The afternoon began with a child abuse call.
A 7-year-old boy arrived at a Riverview day camp with a bruise on his leg. He told counselors that his father had slapped him on the thigh the night before. Camp staffers contacted the authorities.
Hillsborough County sheriff's Deputy Colleen Schiro responded.
It's the start of another shift for Schiro. As a patrol deputy covering the diverse area of southern Hillsborough County, her job is often unpredictable.
District 4, which stretches from Manatee County to Causeway Boulevard and Lithia Pinecrest Road in the north, encapsulates a broad population. Calls for service reflect that.
There's not much crime in Sun City Center but lots of death investigations, Schiro said. In Ruskin and Riverview, calls are mainly for burglaries and drugs. Apollo Beach tends to be quiet.
The most popular call deputies respond to is 911 hangups, Schiro said. Each one is a priority.
"You never know what's going on," she said. "It could be that someone dialed 911 on accident or that someone is being attacked and they only had time to dial 911 before they had to hang up. We treat all of them as if some kind of serious situation is taking place."
Other calls involve drug overdoses — mostly for prescription pills and synthetic marijuana — suspicious people in neighborhoods and juvenile issues.
Traffic stops are done as time and duty permits, Schiro said.
And then there are the domestic violence calls like the one Schiro responded to at the Riverview day camp.
When Schiro, 27, arrived, she met with the boy and a Hillsborough County Child Protective Services investigator.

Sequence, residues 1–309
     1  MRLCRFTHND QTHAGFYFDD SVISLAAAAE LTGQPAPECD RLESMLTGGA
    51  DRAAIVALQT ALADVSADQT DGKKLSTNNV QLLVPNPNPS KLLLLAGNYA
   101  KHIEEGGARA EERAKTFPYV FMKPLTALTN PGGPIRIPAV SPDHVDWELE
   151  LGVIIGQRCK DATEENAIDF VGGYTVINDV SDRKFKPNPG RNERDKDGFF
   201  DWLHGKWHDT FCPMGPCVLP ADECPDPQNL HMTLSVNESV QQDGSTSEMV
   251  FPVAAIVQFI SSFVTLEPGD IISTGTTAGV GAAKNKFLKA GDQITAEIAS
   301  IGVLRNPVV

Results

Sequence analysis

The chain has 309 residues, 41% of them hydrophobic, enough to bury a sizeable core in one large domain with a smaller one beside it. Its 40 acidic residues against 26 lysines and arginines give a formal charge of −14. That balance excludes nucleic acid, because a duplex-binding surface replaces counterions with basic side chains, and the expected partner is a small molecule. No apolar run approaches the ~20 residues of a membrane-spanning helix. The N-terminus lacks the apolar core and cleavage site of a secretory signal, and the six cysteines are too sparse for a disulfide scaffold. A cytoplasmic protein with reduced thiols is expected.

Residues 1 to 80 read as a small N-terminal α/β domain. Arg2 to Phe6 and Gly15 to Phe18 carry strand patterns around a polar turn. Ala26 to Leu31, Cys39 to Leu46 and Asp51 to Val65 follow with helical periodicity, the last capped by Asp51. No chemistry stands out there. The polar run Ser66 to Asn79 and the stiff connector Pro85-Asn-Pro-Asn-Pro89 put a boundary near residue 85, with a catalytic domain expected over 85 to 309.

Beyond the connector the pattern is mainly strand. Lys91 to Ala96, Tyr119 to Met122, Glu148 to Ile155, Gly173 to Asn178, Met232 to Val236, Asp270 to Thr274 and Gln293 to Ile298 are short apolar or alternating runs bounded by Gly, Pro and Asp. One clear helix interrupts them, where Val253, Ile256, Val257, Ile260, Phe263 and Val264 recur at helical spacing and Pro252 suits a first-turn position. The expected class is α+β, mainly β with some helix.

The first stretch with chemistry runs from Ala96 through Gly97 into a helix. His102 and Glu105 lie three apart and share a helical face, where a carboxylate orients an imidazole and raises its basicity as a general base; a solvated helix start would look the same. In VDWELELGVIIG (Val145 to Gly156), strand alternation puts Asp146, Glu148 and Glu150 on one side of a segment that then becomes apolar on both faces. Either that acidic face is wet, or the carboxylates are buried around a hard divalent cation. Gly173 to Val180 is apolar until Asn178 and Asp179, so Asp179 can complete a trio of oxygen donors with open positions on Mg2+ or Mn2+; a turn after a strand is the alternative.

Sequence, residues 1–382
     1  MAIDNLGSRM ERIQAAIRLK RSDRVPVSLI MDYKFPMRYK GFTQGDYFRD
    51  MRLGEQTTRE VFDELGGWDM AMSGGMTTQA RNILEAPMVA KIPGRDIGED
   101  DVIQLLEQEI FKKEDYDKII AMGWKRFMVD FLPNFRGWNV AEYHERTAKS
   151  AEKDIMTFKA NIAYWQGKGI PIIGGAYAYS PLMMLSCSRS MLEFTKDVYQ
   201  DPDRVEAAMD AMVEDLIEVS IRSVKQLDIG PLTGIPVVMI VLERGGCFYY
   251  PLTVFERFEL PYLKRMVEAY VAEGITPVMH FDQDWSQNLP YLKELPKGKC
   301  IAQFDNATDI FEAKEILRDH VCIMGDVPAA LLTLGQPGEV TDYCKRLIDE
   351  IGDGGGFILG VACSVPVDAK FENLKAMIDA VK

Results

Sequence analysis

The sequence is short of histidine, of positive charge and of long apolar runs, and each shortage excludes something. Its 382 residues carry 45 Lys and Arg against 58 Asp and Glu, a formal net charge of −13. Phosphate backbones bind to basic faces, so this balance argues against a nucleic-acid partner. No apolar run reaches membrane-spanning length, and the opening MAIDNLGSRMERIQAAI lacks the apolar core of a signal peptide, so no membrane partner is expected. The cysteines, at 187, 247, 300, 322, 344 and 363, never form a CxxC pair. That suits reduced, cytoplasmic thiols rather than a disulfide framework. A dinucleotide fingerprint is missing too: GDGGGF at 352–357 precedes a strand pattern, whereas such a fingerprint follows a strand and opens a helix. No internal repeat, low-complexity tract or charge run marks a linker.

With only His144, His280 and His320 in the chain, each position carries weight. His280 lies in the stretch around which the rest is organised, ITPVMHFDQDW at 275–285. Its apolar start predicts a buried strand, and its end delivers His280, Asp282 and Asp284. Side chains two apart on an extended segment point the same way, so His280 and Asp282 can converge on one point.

Both asked him multiple questions to discern whether he knew the difference between a lie and the truth, then asked him about what happened. They would each follow up with the father.
For Schiro, a former elementary school teacher, working with children seems to come easily.
She traded in her schoolbooks for a patrol car three years ago. As much as she enjoyed teaching, a career in law enforcement had always been on her mind, she said.
Most of her family is in the field, including her father, Tom Feeney, who is the major at the Hillsborough County Sheriff's Office Special Investigation Division.
"I always wanted to be a cop," she said. "There's something new every day."
Entering the field as a woman, though, means becoming a part of a minority.
There are not many female deputies, Schiro said, and being one of them has its positives and negatives.
"It can be beneficial to be a woman and at the same time a little challenging," she said. "Some people still have manners and won't disrespect a woman. Then some people take a look at me and size me up and think it's on."
At 5 feet 6 and 125 pounds, Schiro may not look as intimidating as some of her male counterparts, but in some cases she would go to a weapon sooner than someone bigger who may be able to use his body.
After the child abuse call, Schiro responded to a 911 call by an adult daughter concerned about her mother. The mother had been frightened by her son, who she said was on drugs.
When Schiro arrived, the son was gone. With the woman safe, Schiro went into a role she often has to take on as a deputy: counselor.
"We give out a lot of advice to people," she said.
Advice can range from detox services to marital and parenting tips.
"Even if you're not a parent yourself," she said, "you give it."
Shelley Rossetter can be reached at firstname.lastname@example.org or (813) 661-2442.